“Kao no Waishatsu” (business shirts with a face) is a store specializing in order-made shirts, established in 1920. It is said that the giant face on the signboard is based on a portrait of the first owner, Kaji Eimatsu, in his youth. Located at the Kanda-Ogawamachi intersection, “Kao no Waishatsu” has retained a deviating presence for over a century as unparalleled sign architecture.
This project is an attempt to historicize and preserve the existence of “Kao no Waishatsu.” Architecturally, the building is scheduled to be demolished for redevelopment in the next few years, so what the project aims to preserve is the “face” signboard and the memories of “Kao no Waishatsu.” Commencing in July 2021, the process of opening the doors of “Kao no Waishatsu” to the town will begin concurrently with the start of Tokyo Biennale. Despite being an exhibition venue of the Biennale, the first stage will involve maintenance of the site, which will be open to public view as part of an ongoing process. Starting first by cleaning the building, followed by basic renovation work to make it safe and clean, the venue will then be transformed into a shop and production studio. An exhibition of “kao” (face) works is planned in the shop on the ground floor in August. Given the name “We are Kao no Waishatsu,” the project encapsulates the concept of the Tokyo Biennale, “from me to us” and the notion of building co-creativity in the community. If you would like to participate in the project, please contact the Tokyo Biennale Secretariat.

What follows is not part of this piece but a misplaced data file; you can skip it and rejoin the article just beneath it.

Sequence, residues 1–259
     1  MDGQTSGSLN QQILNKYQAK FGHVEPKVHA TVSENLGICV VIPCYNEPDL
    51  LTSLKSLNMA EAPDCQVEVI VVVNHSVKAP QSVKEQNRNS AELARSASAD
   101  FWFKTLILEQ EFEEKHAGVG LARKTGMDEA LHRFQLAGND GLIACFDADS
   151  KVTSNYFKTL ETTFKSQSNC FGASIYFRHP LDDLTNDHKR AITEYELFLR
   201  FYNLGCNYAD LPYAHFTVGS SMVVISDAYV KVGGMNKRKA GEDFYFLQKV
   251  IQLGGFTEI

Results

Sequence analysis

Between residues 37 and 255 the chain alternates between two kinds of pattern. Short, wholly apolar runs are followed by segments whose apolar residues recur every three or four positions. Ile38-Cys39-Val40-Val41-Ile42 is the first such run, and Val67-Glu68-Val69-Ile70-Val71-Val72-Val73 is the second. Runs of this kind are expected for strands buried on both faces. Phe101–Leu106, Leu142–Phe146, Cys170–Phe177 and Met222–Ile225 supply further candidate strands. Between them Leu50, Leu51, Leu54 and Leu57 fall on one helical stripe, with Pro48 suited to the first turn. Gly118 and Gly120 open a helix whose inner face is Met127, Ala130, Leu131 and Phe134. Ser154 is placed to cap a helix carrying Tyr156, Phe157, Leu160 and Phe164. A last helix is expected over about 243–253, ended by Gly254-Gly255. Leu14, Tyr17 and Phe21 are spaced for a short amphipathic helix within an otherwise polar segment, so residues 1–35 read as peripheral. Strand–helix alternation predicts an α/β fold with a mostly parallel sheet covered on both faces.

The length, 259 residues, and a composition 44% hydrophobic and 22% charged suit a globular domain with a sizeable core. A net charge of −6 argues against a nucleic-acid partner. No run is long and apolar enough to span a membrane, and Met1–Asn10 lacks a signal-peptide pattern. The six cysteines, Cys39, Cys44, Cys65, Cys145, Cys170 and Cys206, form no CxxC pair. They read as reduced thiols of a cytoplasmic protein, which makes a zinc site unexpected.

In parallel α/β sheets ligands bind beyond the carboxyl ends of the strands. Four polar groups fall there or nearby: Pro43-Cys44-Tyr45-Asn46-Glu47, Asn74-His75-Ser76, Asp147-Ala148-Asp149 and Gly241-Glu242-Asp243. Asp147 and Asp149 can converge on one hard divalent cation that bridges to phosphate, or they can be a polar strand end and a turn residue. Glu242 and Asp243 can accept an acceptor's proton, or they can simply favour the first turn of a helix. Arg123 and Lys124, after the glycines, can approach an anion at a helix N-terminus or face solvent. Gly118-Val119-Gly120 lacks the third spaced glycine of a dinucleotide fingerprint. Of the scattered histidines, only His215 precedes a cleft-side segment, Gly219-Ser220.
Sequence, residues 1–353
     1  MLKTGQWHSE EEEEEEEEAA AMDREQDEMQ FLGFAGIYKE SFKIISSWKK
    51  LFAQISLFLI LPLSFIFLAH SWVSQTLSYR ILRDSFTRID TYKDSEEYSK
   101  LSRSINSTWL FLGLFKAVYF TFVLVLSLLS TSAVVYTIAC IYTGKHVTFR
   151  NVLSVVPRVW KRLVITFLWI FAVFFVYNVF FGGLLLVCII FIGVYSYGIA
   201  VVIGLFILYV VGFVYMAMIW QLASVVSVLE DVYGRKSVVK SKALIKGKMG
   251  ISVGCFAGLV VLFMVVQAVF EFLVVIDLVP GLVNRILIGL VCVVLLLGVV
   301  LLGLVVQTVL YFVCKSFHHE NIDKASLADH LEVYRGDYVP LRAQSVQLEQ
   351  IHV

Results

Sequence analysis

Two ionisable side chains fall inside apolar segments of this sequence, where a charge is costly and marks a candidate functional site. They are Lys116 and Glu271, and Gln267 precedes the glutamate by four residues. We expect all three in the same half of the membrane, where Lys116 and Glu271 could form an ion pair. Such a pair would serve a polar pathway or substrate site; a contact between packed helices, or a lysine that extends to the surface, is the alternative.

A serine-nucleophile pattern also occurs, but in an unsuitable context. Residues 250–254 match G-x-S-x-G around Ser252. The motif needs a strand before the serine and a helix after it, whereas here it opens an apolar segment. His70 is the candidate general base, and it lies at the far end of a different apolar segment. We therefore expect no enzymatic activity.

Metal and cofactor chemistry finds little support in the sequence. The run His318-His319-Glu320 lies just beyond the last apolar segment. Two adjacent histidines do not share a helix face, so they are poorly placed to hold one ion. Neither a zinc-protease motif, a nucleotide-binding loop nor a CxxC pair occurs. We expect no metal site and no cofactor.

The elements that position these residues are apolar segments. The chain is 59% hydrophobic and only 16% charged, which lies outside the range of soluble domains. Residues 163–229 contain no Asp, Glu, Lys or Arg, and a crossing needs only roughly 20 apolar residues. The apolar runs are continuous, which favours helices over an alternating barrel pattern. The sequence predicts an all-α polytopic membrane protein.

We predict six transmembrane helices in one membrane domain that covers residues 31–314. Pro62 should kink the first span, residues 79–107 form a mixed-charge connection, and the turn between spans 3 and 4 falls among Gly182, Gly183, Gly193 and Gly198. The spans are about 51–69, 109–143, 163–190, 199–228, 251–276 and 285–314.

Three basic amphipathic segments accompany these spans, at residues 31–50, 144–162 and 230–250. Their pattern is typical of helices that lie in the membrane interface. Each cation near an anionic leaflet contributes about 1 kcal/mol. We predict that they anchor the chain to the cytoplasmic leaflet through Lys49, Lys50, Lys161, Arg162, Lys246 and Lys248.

Artist: Masato Nakamura (https://tb2020.jp/project/yubido-restoration-projectnikui-hodo-yasashi/)
Kao no Waishatsu
101-0052 Tokyo, Chiyoda Ward, Kanda Ogawamachi 2-chome-1
(As of June 2021)
Photo by Masato Nakamura
Masato Nakamura (TOKYO BIENNALE 2020 General Director, Artist)
Born in Odate City (Akita, Japan) in 1963. Professor at Tokyo University of the Arts (Department of Painting). A socially conscious artist who actively develops art projects with focus on “art x community x industry”. In the early 1990’s, he set up guerilla art projects such as“THE GINBURART” in Ginza and “Shinjuku Shonen Art” in Shinjuku’s Kabukicho district (1993). From 1996 on, the artist caught global attention by transforming corporate identities into artworks, one major example being the McDonald’s golden arches. In 1997, he formed an alternative artist initiative called “Command N”. Activities of this group include the international video installation “Akihabara TV” held in 1999 and 2000. His work was displayed in the 49th Venice Biennale (2001) Japan Pavilion “First & Slow” exhibition. He is the founder of numerous art projects including “himming” in Himi (Toyama Pref.) and “ZERODATE” in Odate (Akita Pref.). In 2010, he also founded 3331 Arts Chiyoda as an independent and sustainable art center. Through Command N and 3331, Nakamura has initiated 10 art bases and held 740 art projects, in addition to overseeing close to 3,100 events involving the collaboration of 2,000 artists, 180 core staff members, and 1,350 supporting staff/volunteers. With an extensive background in a variety of expressive activities, starting in summer 2020 he is taking on the challenge of developing the Tokyo Biennale, an art festival that will harness the cultural and artistic resources underlying the city of Tokyo.
2-1 Kanda Ogawamachi Chiyoda-ku Tokyo
・1 minute walk from “Ogawacho” Station Exit B5 on the Toei Shinjuku Line.
・3 minutes walk from “Awajicho” Station Exit A5 on the Tokyo Metro Marunouchi Line.
(Tokyo Biennale Executive Office)